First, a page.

(CN) - The government "should be afforded the opportunity" to defend itself against a class action challenging its 2008 bailout of American International Group, a U.S. judge ruled.
Judge Thomas Wheeler of the U.S. Court of Federal Claims largely rejected a motion to strike the government's affirmative defenses in a lawsuit filed by AIG shareholder Starr International Co. in November 2011.
Starr and other shareholders claim the bailout amounted to an unconstitutional government "taking" without fair compensation.
At the height of the financial crisis, the government gave the financial services company an $85 million revolving credit line in exchange for a 79.9 percent equity stake in AIG. The move came amid fears that AIG would collapse and take other Wall Street firms with it, causing unsustainable ripples in the U.S. economy.
The government raised seven arguments in its defense: payment, contingent offset, equitable estoppel, waiver, hold harmless and severability.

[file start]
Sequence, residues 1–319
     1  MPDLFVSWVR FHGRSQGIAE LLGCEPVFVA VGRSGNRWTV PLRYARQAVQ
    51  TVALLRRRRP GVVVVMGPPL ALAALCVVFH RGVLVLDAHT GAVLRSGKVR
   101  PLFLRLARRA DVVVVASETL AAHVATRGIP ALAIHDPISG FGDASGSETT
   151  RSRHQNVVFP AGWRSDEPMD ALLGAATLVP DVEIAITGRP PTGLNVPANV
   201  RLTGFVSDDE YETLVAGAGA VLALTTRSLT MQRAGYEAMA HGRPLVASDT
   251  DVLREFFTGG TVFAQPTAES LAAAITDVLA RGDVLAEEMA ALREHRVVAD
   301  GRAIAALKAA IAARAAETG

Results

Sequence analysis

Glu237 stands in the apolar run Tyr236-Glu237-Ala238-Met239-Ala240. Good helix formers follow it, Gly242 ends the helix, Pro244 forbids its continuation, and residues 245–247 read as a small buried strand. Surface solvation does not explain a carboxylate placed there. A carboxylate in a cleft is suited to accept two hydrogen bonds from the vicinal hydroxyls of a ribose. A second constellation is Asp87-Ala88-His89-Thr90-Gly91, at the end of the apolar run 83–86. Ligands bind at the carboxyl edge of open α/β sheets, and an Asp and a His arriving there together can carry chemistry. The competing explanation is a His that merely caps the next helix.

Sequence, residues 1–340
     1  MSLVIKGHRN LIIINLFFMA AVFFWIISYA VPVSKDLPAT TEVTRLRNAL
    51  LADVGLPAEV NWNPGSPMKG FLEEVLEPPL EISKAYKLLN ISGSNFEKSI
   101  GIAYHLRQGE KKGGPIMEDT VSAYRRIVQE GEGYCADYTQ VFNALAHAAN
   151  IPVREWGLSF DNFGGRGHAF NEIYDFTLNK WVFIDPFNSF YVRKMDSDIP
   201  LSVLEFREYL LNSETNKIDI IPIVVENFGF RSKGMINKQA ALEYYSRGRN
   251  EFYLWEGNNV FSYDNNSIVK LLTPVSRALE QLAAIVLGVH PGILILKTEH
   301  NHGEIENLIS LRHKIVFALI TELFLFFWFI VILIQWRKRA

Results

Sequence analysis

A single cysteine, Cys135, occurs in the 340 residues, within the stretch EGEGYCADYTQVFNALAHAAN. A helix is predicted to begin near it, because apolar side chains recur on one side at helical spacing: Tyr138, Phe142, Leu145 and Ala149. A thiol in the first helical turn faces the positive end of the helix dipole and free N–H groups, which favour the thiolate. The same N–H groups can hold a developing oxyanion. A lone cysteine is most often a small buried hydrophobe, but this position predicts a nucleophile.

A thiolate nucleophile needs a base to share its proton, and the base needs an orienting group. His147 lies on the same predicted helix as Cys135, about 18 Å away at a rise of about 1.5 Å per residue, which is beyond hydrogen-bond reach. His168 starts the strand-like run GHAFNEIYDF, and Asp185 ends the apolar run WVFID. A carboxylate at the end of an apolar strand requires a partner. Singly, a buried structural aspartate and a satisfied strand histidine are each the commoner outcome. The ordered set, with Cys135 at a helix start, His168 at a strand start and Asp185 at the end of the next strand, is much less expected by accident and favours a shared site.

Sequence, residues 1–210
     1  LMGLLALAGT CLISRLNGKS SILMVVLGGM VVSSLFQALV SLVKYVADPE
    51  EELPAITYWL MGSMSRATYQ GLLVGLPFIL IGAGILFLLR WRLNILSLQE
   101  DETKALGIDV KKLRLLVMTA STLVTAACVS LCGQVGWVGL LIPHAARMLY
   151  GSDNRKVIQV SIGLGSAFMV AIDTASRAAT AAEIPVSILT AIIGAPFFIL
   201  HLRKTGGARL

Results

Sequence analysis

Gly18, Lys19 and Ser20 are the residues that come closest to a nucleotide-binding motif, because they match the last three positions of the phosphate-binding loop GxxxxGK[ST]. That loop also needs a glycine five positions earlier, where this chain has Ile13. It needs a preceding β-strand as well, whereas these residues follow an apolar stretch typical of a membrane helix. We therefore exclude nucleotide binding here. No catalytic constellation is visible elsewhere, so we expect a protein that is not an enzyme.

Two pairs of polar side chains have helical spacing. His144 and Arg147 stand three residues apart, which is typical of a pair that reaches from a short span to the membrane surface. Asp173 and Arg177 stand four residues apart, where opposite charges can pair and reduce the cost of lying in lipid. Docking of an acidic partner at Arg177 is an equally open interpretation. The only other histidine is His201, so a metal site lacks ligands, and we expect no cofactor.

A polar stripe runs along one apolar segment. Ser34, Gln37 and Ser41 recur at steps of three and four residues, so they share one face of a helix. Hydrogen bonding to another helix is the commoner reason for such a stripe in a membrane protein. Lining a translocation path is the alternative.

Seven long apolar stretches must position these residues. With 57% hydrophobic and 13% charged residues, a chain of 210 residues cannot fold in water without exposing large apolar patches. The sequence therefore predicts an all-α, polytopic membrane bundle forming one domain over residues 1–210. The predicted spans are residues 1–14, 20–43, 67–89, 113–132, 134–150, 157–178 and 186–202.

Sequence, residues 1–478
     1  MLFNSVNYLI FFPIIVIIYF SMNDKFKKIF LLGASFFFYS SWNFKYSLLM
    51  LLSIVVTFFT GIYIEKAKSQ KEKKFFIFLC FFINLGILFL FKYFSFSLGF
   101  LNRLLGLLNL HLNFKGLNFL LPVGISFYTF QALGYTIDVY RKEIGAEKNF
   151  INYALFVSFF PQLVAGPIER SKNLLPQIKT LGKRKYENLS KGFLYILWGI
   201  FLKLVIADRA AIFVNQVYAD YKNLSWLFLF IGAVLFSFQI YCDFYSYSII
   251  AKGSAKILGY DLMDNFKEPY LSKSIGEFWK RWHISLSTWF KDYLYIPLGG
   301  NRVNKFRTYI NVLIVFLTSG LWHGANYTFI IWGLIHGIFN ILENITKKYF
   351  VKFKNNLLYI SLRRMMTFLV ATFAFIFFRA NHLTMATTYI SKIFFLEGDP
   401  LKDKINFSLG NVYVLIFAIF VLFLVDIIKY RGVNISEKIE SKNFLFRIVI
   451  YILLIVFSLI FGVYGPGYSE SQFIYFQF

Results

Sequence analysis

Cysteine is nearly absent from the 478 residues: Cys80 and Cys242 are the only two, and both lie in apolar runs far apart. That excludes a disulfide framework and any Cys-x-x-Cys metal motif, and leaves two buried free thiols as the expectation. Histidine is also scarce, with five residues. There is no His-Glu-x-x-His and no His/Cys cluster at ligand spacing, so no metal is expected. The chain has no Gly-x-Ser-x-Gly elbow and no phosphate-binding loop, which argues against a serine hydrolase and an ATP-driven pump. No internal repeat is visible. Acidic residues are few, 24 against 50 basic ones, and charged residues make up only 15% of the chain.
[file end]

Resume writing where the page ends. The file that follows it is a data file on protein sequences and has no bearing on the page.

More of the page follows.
Starr moved to strike these defenses, claiming they should be tossed regardless of what the government can prove.
The government countered that it should be able to present its defenses, especially given that Starr received "considerable latitude" in pursuing its claims.
"The government's argument is well taken," Wheeler acknowledged. "Motions to strike affirmative defenses are disfavored in the Court of Federal Claims, particularly when there are disputed questions of law and fact, as is this case here. The government should be afforded the opportunity to develop the facts relevant to the defenses of payment, contingent offset, equitable estoppel, waiver, hold harmless, and severability."
Wheeler said the government "rightly points out" that he has expressed an interest in understanding "the full picture" of the bailout.
"Allowing the government to put forth its affirmative defenses will create a more complete evidentiary record, and creating a record that reflects the full picture of what happened during the rescue of AIG outweighs any resulting marginal burden placed upon Starr," Wheeler wrote.
He refused to strike all but one defense: the defense of laches, which argues that Starr waited too long to file its claim.
There was no unreasonable delay in this case, the judge explained, because Starr filed suit three years after the bailout and within the six-year statute of limitations.
"Therefore, laches is not a viable defense under the circumstances of this case, and must be stricken," Wheeler wrote.
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